The President of the Nigerian Bishops’ Conference echoes his fellow bishops’ concerns about corruption – a national emergency that risks holding back Africa’s biggest economy and is also obstructing the fight against Boko Haram.
“Corruption is a social disease that has spread, permeating all echelons of society, from government to private enterprise, and even the religious realm.” The Archbishop of Jos and President of the Nigerian Episcopal Conference, Monsignor Ignatius Kaigama, does not mince his words. He urges decision-makers not to neglect the emergency, which risks catapulting Africa’s biggest economy into a crisis. Experts and NGOs have denounced the on-going situation many times over the years.
In the latest report on global corruption published by Transparency International, an NGO that monitors and publicises corporate and political corruption in international development, Nigeria ranks 136th out of the 168 states examined. Its corruption index is 26/100 (the lower the score, the higher the corruption).
Kaigama says that everyone is aware of this state of corruption: “We must recognise that we are all guilty; that it is not enough to point the finger at ‘the sinners’ or at ‘others’, because it is a virus that has infected everyone, from the illegal street salesman to the office worker”.
His voice is not an isolated one within the Church: in the concluding document of the Episcopal Conference’s last plenary session, corruption is one of the two main concerns addressed by the prelates, alongside he terrorist activities of Boko Haram.
Kaigama recalls the numerous addresses Pope Francis gave on the subject, as well as the appeal the Holy Father issued to diversify the Nigerian economy, which is still too dependent on oil.
Kaigama also comments on the consequences of Nigeria’s reliance on oil: “The discovery of oil has put a great deal of money in circulation, and this has played a part in creating a culture of ‘earning without effort’ – and the ‘easy money’ myth has led many young people to love wealth to the point of involving themselves in criminal activities. This mentality has even spread to government, where officials have come to embezzle enormous sums of money meant for the people; using it instead for their own purposes”.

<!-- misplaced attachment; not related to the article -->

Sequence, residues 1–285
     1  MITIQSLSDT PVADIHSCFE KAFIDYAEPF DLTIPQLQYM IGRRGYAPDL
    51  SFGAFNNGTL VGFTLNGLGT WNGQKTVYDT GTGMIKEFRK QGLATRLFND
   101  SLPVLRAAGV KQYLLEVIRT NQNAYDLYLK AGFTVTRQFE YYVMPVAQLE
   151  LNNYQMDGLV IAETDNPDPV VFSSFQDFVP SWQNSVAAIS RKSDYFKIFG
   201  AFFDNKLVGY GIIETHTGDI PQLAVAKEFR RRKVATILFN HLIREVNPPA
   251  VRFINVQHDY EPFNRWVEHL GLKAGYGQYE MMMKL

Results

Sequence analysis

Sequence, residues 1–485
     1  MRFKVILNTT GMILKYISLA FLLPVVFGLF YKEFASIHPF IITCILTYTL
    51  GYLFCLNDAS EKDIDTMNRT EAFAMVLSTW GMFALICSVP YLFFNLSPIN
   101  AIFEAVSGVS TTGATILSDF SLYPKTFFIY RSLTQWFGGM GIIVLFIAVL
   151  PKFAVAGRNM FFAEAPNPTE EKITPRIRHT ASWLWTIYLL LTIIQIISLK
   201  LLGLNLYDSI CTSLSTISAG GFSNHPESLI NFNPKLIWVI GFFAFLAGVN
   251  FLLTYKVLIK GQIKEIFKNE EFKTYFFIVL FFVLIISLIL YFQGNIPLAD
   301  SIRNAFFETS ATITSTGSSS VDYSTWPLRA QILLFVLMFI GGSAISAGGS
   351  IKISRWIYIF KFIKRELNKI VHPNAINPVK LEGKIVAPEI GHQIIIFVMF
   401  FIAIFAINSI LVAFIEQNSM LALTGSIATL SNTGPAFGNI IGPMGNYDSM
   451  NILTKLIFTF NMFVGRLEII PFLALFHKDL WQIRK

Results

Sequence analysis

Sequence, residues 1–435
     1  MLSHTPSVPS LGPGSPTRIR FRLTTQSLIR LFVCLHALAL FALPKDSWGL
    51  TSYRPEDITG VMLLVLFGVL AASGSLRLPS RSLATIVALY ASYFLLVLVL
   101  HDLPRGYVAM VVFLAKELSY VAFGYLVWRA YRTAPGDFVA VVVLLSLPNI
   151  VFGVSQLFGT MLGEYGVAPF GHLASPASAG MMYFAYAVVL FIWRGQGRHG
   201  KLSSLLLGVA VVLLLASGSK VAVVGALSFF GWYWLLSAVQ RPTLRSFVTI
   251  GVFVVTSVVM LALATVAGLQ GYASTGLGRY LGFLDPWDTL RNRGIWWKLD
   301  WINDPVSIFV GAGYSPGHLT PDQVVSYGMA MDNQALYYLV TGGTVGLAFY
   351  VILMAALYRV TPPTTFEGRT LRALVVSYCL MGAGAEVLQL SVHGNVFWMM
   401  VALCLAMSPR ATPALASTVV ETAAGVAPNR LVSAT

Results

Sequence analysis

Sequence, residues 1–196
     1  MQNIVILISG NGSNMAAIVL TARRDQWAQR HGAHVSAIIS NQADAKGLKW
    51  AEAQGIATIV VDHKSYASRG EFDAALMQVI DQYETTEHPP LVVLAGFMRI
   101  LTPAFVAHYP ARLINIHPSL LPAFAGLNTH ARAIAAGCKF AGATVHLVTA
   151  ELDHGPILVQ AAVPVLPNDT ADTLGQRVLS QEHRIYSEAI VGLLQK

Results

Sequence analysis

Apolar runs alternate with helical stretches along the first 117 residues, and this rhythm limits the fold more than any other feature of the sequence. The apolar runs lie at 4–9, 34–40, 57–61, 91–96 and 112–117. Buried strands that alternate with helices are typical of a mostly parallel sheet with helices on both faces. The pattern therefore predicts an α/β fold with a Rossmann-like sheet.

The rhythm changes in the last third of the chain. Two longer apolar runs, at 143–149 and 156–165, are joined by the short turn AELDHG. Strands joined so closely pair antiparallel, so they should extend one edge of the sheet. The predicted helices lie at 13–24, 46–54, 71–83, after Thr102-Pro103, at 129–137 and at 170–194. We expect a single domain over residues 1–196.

This is a reference to certain close collaborators of the former President of the Republic, Goodluck Jonathan. Some of these collaborators faced trial, on charges of embezzling financial resources intended for the army that is fighting Boko Haram. Figures range from 400 million Naira (2.1 million USD) received by Olisa Metuh, spokesman for the party of the former head of state, to 68 million USD in the case of Sambo Dasuki, the former National Security Adviser. But this is only a small percentage of the full sum – approximately 2 billion USD, according to the new government, – which will never be traced completely.
“It was shocking to discover that enormous sums were handled this way,” Kaigama admits. “Stealing that money showed a serious lack of humanity, and we hope justice will be made.” He reiterates the Church’s “moral support” for the anti-corruption campaigns launched by the new head of state Muhammadu Buhari, inviting the religious and faithful to play their part: “It makes no sense to talk about love for one’s neighbour, charity, or works of corporeal mercy, if theory is not put into practice. Corruption must be tackled individually at first, and from there it can be dealt with collectively. We need a conversion that is not just spiritual but also social, and relates to Christians and Muslims without distinction.”
“Corruption has defaced this country; it has reduced it to slavery, and as a Church we cannot allow it, nor encourage it, nor back it!” the Archbishop adds. “We cannot allow dishonesty to enter the Church. We must always speak out against the corrupt, even if this person is a priest, a pastor, or a bishop.”
Kaigama concludes: “As a Church, we must send the message out to institutions that we too will commit to doing everything in our power to combat corruption”.